World Leaders Made a Breakthrough Deal on a New Global Corporate Tax Rate

It's about time.
Brad Bergan
Global currencies.Dilok Klaisataporn / iStock

In a landmark deal, the Organization for Economic Cooperation and Development announced a new agreement on corporate tax rates, following years of disagreement, according to an initial report from CNBC.

The group of nations decided that a global minimum corporate tax rate of 15% would be enforced in 2023, signifying a colossal shift for less economically endowed nations like the Republic of Ireland, which have emphasized low corporate tax rates to attract major companies like Amazon.

Ending the 'race-to-the-bottom on corporate taxation'

"The landmark deal, agreed by 136 countries and jurisdictions representing more than 90% of global GDP, will also reallocate more than USD 125 billion of profits from around 100 of the world's largest and most profitable MNEs to countries worldwide, ensuring that these firms pay a fair share of tax wherever they operate and generate profits," said the OECD, in a Friday statement. This major deal came on the heels of some alterations made to the initial text. Most crucially a clause stating that the new rate of 15% wouldn't be increased at a later date, and that the new rates would not affect small businesses.

This last proviso was key in bringing Ireland, which has long opposed raising corporate taxes, into the deal. Hungary, which has also opposed a global tax minimum, also came around after it was assured that implementation would be slow and methodical. All countries now have to develop a means of implementing the new tax rate, with a deadline sometime in 2023. This is "a once-in-a-generation accomplishment for economic diplomacy," write Janet Yellen, Treasury Secretary, in the statement. They praised the multitude of countries that "decided to end the race to the bottom on corporate taxation," and emphasized an expectation that Congress will execute the reconciliation process to rapidly roll out this new deal into implementation within the United States, according to the CNBC report.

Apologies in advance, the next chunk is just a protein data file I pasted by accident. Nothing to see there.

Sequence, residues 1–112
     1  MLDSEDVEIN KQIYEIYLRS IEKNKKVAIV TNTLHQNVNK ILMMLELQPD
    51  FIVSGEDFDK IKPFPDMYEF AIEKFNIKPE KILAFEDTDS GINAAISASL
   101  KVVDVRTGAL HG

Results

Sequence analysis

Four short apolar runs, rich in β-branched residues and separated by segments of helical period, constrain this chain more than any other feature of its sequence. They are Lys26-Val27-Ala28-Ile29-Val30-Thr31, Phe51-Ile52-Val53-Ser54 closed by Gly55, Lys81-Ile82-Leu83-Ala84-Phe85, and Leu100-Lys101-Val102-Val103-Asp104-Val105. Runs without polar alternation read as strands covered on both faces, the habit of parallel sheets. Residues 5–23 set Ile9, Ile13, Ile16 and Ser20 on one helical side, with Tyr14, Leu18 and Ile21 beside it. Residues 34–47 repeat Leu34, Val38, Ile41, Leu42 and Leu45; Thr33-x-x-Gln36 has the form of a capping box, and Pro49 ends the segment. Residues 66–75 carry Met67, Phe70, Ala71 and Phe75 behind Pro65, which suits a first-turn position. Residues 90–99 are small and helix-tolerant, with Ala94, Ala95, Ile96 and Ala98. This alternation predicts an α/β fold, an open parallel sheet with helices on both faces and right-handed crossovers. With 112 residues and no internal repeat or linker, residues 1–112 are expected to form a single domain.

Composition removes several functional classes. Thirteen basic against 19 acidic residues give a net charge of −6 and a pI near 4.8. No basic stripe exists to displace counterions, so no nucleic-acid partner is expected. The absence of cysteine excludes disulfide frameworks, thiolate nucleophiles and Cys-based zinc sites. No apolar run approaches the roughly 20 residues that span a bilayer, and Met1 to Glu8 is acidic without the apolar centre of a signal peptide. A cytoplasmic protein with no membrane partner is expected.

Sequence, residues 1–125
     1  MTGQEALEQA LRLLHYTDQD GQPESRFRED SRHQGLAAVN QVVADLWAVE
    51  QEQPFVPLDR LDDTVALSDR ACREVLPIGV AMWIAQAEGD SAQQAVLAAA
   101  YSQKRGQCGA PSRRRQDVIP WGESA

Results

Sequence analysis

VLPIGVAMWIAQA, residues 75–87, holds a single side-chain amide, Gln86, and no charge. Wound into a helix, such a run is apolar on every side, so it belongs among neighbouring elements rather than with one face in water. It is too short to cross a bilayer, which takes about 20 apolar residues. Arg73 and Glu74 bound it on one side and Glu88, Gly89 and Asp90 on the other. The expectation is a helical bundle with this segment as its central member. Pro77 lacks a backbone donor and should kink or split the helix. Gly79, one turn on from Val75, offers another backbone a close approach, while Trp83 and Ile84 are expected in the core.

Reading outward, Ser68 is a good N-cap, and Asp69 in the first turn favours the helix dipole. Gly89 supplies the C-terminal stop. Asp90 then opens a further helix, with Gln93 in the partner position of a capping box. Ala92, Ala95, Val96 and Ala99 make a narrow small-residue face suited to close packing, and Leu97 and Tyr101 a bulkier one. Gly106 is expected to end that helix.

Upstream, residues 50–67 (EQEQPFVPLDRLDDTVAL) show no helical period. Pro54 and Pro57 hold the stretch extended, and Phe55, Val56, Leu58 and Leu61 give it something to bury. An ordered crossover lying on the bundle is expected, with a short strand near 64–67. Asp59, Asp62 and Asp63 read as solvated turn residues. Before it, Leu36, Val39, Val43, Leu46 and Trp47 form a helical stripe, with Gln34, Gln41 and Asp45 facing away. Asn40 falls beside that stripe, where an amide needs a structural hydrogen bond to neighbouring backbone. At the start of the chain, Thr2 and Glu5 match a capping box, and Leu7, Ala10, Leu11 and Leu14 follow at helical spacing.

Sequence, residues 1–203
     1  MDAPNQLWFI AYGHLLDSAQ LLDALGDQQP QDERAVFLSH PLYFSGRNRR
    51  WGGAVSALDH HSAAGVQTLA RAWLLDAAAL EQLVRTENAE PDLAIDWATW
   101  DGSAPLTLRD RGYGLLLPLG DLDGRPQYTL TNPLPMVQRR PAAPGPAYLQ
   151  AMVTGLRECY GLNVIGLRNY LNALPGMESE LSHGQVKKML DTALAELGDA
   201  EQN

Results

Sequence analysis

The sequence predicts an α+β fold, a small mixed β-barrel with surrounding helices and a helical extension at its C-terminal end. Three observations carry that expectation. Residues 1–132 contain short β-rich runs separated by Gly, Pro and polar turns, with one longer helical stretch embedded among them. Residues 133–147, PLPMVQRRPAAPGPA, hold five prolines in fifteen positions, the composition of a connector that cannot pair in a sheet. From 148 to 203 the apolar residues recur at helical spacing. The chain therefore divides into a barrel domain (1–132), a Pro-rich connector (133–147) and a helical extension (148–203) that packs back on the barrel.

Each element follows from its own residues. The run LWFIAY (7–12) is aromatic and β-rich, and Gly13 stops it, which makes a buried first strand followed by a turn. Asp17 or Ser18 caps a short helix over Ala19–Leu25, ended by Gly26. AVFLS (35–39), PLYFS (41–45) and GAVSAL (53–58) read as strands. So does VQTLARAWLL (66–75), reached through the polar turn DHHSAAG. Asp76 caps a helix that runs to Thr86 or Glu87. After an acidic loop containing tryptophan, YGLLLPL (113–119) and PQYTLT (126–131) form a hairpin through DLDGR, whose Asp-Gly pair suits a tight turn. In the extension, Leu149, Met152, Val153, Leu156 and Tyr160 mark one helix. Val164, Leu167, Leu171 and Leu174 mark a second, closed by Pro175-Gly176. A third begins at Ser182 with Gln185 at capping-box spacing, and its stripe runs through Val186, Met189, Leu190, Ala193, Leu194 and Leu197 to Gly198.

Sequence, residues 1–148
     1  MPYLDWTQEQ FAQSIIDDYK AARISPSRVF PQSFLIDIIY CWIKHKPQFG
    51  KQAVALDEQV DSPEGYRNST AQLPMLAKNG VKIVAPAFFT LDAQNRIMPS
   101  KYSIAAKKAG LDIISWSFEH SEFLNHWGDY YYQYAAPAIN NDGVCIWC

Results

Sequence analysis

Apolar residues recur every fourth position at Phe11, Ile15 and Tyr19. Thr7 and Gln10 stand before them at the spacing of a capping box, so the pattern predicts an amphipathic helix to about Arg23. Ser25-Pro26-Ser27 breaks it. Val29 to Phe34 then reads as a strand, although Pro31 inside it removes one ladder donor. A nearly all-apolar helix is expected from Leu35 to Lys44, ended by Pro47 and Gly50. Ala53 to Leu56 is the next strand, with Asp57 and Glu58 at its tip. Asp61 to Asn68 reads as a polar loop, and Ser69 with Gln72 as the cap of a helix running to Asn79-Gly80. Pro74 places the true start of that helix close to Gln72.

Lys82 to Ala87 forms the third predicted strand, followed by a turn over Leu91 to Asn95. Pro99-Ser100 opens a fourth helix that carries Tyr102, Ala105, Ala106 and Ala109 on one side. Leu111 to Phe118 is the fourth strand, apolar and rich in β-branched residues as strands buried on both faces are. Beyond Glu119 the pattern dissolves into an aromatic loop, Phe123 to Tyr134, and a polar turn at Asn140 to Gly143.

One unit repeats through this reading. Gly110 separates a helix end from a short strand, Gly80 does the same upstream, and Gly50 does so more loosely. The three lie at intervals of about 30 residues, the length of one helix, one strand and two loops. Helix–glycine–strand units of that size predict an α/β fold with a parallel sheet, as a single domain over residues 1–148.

Corporations profited immensely during the COVID-19 crisis

"International tax policymaking is a complex issue, but the arcane language of today's agreement belies how simple and sweeping the stakes are: When this deal is enacted, Americans will find the global economy a much easier place to land a job, earn a living, or scale a business," read Yellen's statement. And the agreement does more than impose a minimum corporate tax rate: It also requires firms to pay taxes wherever they operate, instead of just where their headquarters are. But precisely how much corporations will owe countries throughout their global jurisdictions hasn't been finalized yet.

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This decision came partly as a consequence of the COVID-19 coronavirus pandemic, which reinforced the idea of a great need to tax large corporations, who profited immensely during global lockdowns while millions lost their livelihoods. This decision is also in line with early-stage promises from the Joe Biden administration, which spoke of a desire to raise taxes on the rich. A 15% tax doesn't come close to an equal share of the riches major corporations gained during the largest economic and social tragedy yet this century, but it's better than nothing.

This was a breaking story and was regularly updated as new information became available.

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